That dirty word...cleaning!!! How do you go about it?

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seatazzz

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As I've progressed along this long road of brewing obsession, the one thing that I've learned (besides PATIENCE!!!) is that keeping the equipment clean is one of the most important aspects of a brewday. As many of us have, back in the day I didn't pay attention to cleaning well, just wanted to get the brewday over with so I could enjoy the fruits of my labors. And wound up, a few days later, with a VERY stinky brewery/garage, and too much hard work to get it clean enough for the next brewday. I've since learned to clean as I go, so at the end of a brewday my equipment is sparkling clean and ready for the next go-round. Took me a year or two to get it down pat, but now I've got the system down to where I'm done after 5.5-6 hours, with everything clean and ready to go, not to mention a nice brew in the ferment fridge. I do all grain on a 3-vessel propane system, using a plate chiller to get the wort to pitching temperature, and have a nice ferment fridge to keep it where I need it. I MIAB, once the grain is cooled enough to dump/save that gets done, bag gets shaken out then rinsed (if you're considering this route, shaking out BEFORE rinsing will save you a lot of cleaning time, although you may get snarky comments from your SO about grain bits in your hair. I do, every time I brew.). Mash tun gets dumped and rinsed out while the wort is heating up. I've also learned to keep enough hottish water in the HLT at the end of the brewday so I can run it through my hoses/pump, to get them clean; and backflush the chiller after the wort is in the fermenter to have it ready for the next brewday, and store it upside-down so all the water drains out and it's dry and clean for the next brewday.

So, what's your process to clean up the brewery after a long hard slog? Leave it for another day, or clean as you go? We all have different systems, so I thought it would be interesting to see how we all keep the brewery clean for the inevitable next brewday.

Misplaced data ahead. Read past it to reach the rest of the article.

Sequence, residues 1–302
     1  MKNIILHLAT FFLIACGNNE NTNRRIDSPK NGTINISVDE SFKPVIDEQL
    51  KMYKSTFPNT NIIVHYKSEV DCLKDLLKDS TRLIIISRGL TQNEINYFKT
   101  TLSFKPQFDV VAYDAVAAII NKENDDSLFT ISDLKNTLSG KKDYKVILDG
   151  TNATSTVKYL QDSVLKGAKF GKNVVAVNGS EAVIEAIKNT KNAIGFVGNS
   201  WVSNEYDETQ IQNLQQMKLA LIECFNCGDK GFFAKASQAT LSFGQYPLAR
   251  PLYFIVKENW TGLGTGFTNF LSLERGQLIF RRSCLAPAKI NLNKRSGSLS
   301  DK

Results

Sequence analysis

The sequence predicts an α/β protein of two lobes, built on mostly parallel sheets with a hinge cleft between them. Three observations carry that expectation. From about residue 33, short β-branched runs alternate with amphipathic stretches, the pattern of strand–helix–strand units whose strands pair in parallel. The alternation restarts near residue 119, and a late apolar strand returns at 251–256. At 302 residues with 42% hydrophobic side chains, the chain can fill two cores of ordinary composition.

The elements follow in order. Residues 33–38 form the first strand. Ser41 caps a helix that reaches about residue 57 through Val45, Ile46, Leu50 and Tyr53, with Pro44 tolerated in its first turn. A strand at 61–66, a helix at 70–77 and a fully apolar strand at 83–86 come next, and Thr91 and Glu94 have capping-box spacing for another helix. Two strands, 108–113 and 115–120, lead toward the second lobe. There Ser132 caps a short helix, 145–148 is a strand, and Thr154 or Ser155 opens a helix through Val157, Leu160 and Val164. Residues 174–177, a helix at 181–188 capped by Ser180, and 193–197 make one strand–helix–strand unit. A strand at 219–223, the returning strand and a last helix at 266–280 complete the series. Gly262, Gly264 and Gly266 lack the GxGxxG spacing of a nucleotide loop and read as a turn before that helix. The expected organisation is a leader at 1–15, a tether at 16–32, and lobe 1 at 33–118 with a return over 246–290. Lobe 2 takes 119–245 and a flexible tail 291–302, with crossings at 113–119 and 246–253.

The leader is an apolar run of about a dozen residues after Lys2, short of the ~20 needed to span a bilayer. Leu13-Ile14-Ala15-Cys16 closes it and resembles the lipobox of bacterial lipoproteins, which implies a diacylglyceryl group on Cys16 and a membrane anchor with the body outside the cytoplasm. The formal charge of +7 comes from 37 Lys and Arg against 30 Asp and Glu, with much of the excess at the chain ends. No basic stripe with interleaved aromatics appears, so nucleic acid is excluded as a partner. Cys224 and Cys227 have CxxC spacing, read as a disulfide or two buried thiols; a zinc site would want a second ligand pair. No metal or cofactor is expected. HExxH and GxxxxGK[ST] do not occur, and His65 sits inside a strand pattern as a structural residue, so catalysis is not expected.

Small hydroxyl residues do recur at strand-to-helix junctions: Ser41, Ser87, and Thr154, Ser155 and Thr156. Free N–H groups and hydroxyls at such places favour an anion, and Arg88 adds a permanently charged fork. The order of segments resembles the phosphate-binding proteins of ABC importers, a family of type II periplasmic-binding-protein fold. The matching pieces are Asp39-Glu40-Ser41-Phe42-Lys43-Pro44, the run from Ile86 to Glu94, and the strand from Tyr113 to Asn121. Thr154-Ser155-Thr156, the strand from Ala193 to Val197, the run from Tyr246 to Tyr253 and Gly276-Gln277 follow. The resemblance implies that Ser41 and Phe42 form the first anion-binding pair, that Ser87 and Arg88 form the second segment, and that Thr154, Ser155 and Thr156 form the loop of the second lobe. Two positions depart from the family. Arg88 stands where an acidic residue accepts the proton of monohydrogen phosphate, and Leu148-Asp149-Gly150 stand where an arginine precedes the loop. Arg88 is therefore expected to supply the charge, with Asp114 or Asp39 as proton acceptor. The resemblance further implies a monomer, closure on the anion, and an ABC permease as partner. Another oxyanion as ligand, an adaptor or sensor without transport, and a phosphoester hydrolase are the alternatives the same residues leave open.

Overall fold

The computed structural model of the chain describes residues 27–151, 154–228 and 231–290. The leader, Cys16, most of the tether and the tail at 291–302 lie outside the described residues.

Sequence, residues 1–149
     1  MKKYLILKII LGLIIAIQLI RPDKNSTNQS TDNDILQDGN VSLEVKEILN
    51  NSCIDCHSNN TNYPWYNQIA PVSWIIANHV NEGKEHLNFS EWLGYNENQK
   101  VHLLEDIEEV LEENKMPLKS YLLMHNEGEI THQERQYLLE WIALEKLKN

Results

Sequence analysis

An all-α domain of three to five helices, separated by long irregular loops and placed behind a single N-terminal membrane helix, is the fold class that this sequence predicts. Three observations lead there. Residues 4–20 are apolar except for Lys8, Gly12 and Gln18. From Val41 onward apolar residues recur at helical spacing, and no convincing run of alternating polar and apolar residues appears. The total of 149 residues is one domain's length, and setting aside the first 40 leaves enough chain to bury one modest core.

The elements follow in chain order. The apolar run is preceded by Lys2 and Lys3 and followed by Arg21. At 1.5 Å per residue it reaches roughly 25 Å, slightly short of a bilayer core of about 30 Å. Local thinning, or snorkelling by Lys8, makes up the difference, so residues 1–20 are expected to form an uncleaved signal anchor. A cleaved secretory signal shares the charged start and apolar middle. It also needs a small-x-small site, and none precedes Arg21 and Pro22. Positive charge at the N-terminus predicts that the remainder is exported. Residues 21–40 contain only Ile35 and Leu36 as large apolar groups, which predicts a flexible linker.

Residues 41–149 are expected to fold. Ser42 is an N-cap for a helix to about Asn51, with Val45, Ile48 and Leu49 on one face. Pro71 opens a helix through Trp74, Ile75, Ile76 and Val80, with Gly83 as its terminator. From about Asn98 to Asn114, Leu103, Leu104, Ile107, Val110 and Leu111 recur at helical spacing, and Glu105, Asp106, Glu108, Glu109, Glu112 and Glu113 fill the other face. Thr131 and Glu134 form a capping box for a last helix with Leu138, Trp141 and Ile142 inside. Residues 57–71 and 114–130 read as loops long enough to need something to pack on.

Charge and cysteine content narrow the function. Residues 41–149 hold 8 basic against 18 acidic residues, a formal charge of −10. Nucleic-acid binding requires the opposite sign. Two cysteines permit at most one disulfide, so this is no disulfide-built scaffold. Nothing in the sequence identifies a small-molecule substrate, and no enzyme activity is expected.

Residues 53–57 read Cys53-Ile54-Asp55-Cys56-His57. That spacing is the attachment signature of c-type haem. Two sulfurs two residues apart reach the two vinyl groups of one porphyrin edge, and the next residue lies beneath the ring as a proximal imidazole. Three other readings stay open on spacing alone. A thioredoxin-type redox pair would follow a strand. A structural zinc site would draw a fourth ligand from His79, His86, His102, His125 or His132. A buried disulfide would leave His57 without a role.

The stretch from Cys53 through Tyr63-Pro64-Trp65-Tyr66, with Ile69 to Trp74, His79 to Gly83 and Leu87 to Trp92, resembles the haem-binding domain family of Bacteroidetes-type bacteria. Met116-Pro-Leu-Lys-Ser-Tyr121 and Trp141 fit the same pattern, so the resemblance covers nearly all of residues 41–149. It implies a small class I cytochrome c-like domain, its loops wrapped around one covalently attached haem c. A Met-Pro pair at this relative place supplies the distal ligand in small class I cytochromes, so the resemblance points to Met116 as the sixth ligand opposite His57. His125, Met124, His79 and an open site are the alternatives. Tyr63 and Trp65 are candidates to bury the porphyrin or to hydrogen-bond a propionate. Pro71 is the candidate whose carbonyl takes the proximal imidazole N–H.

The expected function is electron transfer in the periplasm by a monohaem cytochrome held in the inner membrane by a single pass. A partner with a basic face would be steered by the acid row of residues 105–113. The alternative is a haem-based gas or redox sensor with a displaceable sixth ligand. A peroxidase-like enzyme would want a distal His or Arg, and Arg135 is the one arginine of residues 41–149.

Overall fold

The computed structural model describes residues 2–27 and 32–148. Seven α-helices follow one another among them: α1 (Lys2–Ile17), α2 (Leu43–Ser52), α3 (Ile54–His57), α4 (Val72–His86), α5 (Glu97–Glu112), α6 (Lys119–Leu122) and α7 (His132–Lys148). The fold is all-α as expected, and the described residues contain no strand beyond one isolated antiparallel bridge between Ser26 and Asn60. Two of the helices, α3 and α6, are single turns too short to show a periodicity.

Immocles

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I clean some stuff as I go, but I like to use my water from the IC to clean the bulk of it at the end. Having a single unit Mash & Boil, it really speeds the process up. The one item that takes for-freaking-ever is the hop spider. I have to run up the cellar steps and use the garden sprayer for that one. So I only use it on highly hopped brews, and never in the winter (outdoor water is disconnected). But Ill tend to have my brew bag and mash pipe (and anything else associated wit the mash) cleaned up while im boiling.
 

bracconiere

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well, i brew on my stove, and just found out if i take the little springy things off the front of it that are supposed to perch it up, i can just take the whole damn thing off easy and take it out back and give it the hose....so much easier, and cheaper, then oven cleaner and paper towels!


i use a cooler for a MT so i just dump the grain in the garden, and give it a rinse. my pot doesn't really get that dirty so i fill it with water and use a bristle brush to clean of the boil line, and bottom...put it all back in the closet till it's needed again (usually next week!)

my fermenter i don't really clean, just give it a rinse and then use it for my sparge water. seems to work? i don't get sour beer doing it that way?

and yeah, the competition i'd ever win with my brew is if they had an entry for cheapest malt liquor!
 

BrewZer

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1. Before I start brewing I disassemble the fermentor spigot and sanitize in water/bleach solution. After half-an-hour, I reassemble it, put it back in the fermenter and fill the fermenter with water/bleach solution and let it sit,
2. Then I wash the brewpot with Dawn and lots of hot water (no valves so no worries)
3. Mash/steep and boil. At the 30 minute point of the boil, I rinse the fermenter with hot water. After cooling the wort with IC I transfer it to the rinsed fermenter.
4. As soon as the yeast is pitched, I take the brewpot to the sink and flush it good with the sprayer and wash it with Dawn/hot water. Ditto the IC and anything else the wort touched (like the hop strainer)
5. Night before bottling I soak bottles/hoses/bottle filler and bottling bucket spigot in water/bleach solution overnight, then drain the utility sink into the bottling bucket after reassembling and reinserting the spigot the morning of the bottling. I finish emptying and rinsing the bottles in hot water and rack them upside down in a FastRack.
6. Soak caps in diluted StarSan. Drain fermenter into bottling bucket with priming sugar. Install rinsed bottling wand and hose, and fill bottles, capping with wet bottle caps.
7. Immediately after bottling, I rinse both the fermenter and bottling bucket with hot water, then wash with Dawn and hot water. Air dry, then wipe with clean dish towels and return to covered storage in the garage (which is why I wash again before each use).
8. Bottles are swirled and rinsed immediately after they're emptied. Inspection reveals whether or not they need to be scrubbed. 99/100 times, not necessary.
 

Jim R

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I started recording my brew day times to try to systematically shorten them. I am down to 5 hours if I have everything set up the night before so my first step in the morning is flicking the lighter to start the propane burner with my treated water already in the pot.